2-3What is Critical Discourse Analysis?
According to Teun van Dijk (1993) critical discourse analysts aim at understanding, exposing, and resisting social inequality. Critical Discourse Analysis (CDA) is an approach for identifying the hidden ideologies in texts to unveil the underlying ideological biases and therefore the exercise of power in texts (Widdoson, 2000). Fairclough (1995) use the term to refer to the theories concerned with criticizing ideologies and the impact asserted through domination.
The idea of critical linguistics, as the mother of CDA, was developed based on Halliday’s Systemic functional linguistics (SFL) in the 1970s by a group of linguists and literary theorists at the University of East Anglia. SFL as a branch of grammar focuses on the importance of social context in language production and development. CDA in Faircloughean definition is as follows (1995, p.132-133):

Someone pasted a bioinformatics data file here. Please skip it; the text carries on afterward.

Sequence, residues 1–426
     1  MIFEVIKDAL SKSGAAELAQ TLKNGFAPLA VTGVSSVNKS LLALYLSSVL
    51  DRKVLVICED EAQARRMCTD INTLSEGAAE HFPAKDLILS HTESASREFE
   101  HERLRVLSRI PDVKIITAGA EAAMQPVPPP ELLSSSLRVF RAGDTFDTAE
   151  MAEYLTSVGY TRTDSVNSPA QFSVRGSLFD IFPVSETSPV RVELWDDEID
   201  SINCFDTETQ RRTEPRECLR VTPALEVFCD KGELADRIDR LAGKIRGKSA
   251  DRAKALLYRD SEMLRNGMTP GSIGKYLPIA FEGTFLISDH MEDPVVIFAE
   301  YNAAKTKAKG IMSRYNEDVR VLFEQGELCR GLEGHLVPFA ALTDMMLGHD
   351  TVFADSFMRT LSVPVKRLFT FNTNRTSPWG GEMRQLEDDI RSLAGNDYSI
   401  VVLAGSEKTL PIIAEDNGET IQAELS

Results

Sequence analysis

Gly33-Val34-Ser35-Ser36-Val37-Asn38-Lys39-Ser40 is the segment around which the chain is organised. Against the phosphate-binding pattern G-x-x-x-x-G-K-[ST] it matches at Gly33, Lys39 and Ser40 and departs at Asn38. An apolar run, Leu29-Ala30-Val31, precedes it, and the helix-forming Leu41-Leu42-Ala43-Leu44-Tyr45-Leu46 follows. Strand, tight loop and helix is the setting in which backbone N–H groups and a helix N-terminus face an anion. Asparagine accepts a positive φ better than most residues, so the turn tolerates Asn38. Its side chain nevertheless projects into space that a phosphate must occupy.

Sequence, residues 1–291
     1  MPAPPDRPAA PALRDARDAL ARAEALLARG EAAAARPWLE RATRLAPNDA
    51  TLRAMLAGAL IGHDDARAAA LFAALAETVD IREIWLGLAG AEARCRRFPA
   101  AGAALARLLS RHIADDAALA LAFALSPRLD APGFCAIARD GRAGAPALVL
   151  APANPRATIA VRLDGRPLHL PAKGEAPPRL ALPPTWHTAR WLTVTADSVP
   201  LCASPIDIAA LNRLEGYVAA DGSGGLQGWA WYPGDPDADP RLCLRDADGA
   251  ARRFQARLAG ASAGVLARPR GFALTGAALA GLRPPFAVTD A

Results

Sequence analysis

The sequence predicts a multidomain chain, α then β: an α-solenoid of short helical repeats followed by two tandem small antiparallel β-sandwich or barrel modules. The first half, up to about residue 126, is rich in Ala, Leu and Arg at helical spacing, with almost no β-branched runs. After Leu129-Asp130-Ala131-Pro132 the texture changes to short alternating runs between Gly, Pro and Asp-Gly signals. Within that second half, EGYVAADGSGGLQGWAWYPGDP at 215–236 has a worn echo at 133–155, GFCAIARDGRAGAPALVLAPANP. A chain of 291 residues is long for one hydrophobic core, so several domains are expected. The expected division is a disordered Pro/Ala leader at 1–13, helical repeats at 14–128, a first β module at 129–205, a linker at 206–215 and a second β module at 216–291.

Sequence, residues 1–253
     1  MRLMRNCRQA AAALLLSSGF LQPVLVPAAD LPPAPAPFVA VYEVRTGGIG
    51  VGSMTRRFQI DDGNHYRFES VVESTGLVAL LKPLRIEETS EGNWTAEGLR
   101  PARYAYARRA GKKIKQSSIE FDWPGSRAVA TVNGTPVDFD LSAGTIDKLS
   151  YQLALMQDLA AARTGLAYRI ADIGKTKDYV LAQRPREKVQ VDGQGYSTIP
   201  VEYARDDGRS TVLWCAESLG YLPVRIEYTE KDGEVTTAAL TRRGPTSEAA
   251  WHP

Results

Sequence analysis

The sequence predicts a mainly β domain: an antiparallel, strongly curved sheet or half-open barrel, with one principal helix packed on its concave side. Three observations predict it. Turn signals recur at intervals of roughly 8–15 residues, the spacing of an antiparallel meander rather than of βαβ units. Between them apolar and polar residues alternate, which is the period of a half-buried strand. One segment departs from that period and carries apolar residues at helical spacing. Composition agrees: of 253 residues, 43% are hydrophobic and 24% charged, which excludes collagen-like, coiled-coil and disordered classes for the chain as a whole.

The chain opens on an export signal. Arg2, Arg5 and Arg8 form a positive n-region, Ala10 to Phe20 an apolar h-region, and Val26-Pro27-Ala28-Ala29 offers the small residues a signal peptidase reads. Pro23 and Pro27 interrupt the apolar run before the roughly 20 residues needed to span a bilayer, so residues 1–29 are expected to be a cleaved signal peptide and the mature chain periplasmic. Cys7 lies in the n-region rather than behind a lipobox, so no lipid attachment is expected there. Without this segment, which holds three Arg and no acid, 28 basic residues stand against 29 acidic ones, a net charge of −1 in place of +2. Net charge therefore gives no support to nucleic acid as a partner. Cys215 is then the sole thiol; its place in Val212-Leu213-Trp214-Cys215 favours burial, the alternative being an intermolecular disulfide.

“By critical discourse analysis I mean discourse analysis which aims to systematically explore often opaque relationships of causality and determination between (a) discursive practices, events and texts, and (b) wider social and cultural structures, relations and processes; to investigate how such practices, events and texts arise out of and are ideologically shaped by relations of power and struggles over power; and to explore how the opacity of these relationships between discourse and society is itself a factor securing power and hegemony.”
In recent years, discourse issues have become the locus of interest by many professionals from a variety of disciplines. Discourse is used by a variety of professionals such as historians, business institutions, lawyers, politicians and medical professionals for investigating the social problems connected to their work. Van Dijk (1993) as a key scholar in the field of CDA with a social approach to discourse, has chosen the term Critical Discourse Studies (CDS) which includes the analysis of text and speech in all disciplines of the humanities and social sciences.